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What is Reflection? 4 Questions to Guide Your Thinking

Today is the last day of summer. I know, summer really ended earlier this month when school opened. Back to waking up early, packing lunches, checking homework, talking to teachers, waiting at the bus stop, band practice, cross country, new adventures, old friends and different expectations.

We have spent the last three weekends starting or resuming all these back to school habits. If we are lucky, we made some goals and are trying to meet them. But how much time in the last three weeks have we reflected on our new experiences with students, colleagues, bus schedules and adventures? It is an interesting question.

I am a mindfulness class drop-out. OK, I didn't actually drop out and the instructor was far too positive and hopeful to kick anyone out of the class. However, I really struggled with the practice of mindfulness.

"Pay attention to your breathing" were the basic directions. "Notice what you are feeling in your body." "Just be." Instead, I planned tomorrow's lesson and made mental grocery lists. I struggled to not giggle while we practice "mindful walking."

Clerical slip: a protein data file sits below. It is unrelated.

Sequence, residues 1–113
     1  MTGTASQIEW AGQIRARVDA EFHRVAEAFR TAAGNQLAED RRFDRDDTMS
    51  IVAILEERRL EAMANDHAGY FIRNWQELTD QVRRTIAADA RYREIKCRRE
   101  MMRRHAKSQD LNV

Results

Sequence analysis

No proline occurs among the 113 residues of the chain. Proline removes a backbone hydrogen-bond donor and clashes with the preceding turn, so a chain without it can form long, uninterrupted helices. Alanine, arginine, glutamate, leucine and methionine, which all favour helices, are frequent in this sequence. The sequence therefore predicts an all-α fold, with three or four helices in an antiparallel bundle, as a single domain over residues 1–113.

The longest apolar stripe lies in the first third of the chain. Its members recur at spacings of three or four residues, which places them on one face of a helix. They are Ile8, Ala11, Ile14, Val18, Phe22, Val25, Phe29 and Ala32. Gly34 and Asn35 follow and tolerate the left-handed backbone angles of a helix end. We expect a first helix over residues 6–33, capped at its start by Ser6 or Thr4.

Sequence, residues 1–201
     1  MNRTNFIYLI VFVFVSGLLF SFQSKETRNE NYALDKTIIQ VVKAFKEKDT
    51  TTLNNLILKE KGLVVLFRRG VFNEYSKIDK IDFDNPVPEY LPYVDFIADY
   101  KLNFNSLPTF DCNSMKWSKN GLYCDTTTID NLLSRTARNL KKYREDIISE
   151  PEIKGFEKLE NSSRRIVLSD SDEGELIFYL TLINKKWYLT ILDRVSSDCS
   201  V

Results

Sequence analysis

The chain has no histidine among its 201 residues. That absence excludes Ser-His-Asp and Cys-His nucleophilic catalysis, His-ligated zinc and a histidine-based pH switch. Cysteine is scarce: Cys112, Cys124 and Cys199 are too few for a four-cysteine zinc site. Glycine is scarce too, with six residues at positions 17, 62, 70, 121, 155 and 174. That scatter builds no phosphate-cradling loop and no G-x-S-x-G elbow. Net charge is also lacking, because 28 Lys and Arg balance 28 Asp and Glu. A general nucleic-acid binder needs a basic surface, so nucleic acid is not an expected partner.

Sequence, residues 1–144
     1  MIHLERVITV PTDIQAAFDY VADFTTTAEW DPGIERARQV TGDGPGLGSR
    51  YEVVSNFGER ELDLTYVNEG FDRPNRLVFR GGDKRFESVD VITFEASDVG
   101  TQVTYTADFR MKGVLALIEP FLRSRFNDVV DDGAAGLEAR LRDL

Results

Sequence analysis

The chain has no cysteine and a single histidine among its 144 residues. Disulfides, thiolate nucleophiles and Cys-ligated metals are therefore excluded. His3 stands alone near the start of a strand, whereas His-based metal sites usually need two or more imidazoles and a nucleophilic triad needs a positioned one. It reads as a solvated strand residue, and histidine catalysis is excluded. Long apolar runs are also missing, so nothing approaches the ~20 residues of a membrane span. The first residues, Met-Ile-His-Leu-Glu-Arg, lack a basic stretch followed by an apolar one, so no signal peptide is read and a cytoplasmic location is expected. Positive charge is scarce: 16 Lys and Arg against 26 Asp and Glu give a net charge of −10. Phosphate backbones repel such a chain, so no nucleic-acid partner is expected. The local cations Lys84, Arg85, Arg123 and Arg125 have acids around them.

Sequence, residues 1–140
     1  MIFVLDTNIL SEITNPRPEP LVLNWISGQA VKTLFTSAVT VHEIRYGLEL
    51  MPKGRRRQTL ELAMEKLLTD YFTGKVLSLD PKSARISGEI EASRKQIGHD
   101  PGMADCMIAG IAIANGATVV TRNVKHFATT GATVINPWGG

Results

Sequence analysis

Even though I was not able to practice mindfulness, I have become mindful or reflective. I still can't really pay attention to my breathing without getting distracted. But what I have learned is to pay attention to how I feel and reflect upon why I am feeling that way.

Here is an example: As a teacher, I am totally ok with the idea of failure. If the lesson was a flop or everyone failed the test, I am able to quickly say to myself, "what can I do differently next time?" I am comfortable enough with my skills and our community of trust to notice what went wrong, why it did and what I can do differently next time.

The same was true for when things go well. I am able to notice what went right and what made that event/lesson/encounter successful. From there, I can ponder how to replicate this success in another setting or for another purpose.

Consequently, these basic questions have become my mindful or reflective practice:
  • What happened just now?
  • How did that go?
  • What made it good/bad? Successful/not? Pleasant/Unpleasant? Productive/A waste of time? Fun/Boring? Engaging/passive? 
  • What can I do next time to improve the outcome? (even if it was good)
It is easy to get wrapped up in the new and sometimes overwhelming challenges of the 2015-2016 school. After all, we are so busy and deadlines loom. But it is essential to make time to ponder these questions. Sometimes over a cup of coffee early in the morning, sometimes with a trusted colleague or mentor, sometimes while sitting in traffic or waiting in the car for band practice to be over.

I may never be able to pay attention to my breathing. But by focusing on these reflective questions, I can figure out what is going on and how to best move forward.